Homework: The Killer of Fun

Posted: February 7, 2014 in Education

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I will start off by saying that I am a strong believer in the old adage: “School is for your schooling and home is for your home.” That’s not entirely an old adage, but I like saying it. However, I should also mention that there is a great deal of responsibility placed on parents/guardians in the home to continue teaching the values placed on students throughout the day – support from home is vitally important.

I was watching a video blog from who I was ready to consider my arch-nemesis (the only other English lit blogger I’ve come across), except for the fact that he (“The Nerdy Teacher”) and I happen to agree about the concept of homework. I’ll admit, before clicking his video blog (vlog?) I was ready to jump down his throat proclaiming my hatred for homework. This didn’t have to happen – he was quite accurate. My feeling is that students have way too much homework these days – perhaps even more than I had when I was their age. Students (of most ages) are going home with hours upon hours of homework! SOMETIMES it is because they simply didn’t use class time wisely and therefore, must finish it at home. But SOMETIMES it is the teacher assigning work to be done at home. The latter is where I have a problem.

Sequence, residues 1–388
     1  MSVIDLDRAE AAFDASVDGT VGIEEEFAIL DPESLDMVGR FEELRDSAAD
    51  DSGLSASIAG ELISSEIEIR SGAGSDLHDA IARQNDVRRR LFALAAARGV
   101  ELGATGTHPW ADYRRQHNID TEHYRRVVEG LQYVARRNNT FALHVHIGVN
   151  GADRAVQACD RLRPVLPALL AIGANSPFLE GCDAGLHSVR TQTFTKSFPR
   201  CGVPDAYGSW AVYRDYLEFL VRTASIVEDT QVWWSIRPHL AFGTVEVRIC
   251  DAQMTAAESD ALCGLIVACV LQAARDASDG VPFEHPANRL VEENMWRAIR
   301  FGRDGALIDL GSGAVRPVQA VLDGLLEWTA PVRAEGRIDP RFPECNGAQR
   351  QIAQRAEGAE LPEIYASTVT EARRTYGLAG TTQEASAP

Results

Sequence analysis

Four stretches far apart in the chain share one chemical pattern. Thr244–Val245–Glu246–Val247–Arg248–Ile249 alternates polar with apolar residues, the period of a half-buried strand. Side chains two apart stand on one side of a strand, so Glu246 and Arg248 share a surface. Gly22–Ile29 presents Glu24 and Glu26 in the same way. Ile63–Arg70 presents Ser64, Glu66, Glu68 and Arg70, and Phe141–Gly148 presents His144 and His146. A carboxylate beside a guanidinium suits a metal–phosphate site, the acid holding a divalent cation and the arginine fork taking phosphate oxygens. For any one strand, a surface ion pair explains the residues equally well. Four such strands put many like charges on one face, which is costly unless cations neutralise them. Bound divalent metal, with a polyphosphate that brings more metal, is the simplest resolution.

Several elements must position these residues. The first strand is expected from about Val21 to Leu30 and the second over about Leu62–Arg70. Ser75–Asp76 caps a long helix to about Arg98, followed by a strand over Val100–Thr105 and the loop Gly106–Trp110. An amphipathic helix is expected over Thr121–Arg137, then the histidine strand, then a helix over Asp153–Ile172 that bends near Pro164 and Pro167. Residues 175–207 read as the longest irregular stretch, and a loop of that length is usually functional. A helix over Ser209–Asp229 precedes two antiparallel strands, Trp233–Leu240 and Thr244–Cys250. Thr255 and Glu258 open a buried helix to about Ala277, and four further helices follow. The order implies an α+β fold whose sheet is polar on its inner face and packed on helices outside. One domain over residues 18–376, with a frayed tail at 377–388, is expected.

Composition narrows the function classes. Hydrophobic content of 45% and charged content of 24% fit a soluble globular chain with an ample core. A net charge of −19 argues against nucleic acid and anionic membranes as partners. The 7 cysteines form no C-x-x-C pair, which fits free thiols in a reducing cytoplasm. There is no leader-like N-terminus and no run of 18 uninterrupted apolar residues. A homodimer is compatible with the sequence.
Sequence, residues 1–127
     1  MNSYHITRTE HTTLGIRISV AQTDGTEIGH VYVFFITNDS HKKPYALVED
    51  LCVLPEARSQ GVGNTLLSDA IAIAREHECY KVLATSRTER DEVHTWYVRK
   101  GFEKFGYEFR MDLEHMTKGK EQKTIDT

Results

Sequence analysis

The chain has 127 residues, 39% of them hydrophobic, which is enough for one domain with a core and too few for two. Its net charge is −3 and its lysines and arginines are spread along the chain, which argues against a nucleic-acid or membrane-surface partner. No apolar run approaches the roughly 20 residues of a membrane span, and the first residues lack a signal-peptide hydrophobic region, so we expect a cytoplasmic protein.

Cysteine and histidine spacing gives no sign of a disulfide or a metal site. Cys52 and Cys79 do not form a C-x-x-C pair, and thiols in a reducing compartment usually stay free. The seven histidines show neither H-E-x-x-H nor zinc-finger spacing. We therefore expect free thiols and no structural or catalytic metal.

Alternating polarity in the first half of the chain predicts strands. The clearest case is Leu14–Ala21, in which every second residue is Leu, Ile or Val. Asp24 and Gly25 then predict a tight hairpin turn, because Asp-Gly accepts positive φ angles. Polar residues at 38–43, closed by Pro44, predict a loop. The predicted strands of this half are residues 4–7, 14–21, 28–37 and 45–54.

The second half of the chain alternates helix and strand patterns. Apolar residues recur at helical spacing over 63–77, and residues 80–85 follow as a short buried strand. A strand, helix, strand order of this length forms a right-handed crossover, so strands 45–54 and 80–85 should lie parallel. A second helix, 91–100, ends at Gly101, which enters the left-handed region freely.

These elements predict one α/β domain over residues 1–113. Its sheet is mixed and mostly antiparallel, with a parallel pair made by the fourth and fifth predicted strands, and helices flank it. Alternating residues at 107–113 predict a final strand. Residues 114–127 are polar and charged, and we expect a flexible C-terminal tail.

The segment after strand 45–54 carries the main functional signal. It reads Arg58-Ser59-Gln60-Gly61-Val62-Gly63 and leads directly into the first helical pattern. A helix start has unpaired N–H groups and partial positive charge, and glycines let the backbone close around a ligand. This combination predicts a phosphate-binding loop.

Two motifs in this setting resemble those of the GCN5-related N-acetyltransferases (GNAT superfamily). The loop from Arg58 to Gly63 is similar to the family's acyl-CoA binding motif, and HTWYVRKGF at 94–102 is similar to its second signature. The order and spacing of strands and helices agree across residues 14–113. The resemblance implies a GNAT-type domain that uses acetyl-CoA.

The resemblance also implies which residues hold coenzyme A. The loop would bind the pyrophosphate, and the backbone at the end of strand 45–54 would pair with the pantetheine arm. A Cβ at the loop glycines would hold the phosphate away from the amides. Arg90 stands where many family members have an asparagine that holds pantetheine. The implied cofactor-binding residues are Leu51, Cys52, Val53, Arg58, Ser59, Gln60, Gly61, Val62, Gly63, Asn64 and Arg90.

I am lucky enough to teach a course that has a way of “giving” homework without giving homework. For instance, my grade 10’s ALWAYS have reading on-the-go. Even though we may be in unit one (short stories), they have their independent study unit (novel) to work on…So, their homework is their reading. Any written tasks are done in front of me and in the classroom – this ensures I am with them every step of the way and can assist them immediately. By doing so, it also limits lecture time; I can lecture for 20 minutes and give students time to apply their knowledge of the material recently taught.

By the end of the day, students are mentally-exhausted and need time at home to engage in other activities, spend time with family, or engage in brainless activity like watching television. In my opinion (whose else would it be?), time at home is not a good opportunity for more work. Students need time to be kids, too. On the other hand, if the homework is given because time was wasted by the student in class then that’s a whole other issue – I can support that! 🙂

Especially for elementary school teachers – let the children be children!

Two final thoughts: (1) Never give homework that is NEW material. Quite simply, you’re not physically there to help them. (2) Never give homework “for practice.” If it’s important enough for practice, then it’s important enough to give in-class.

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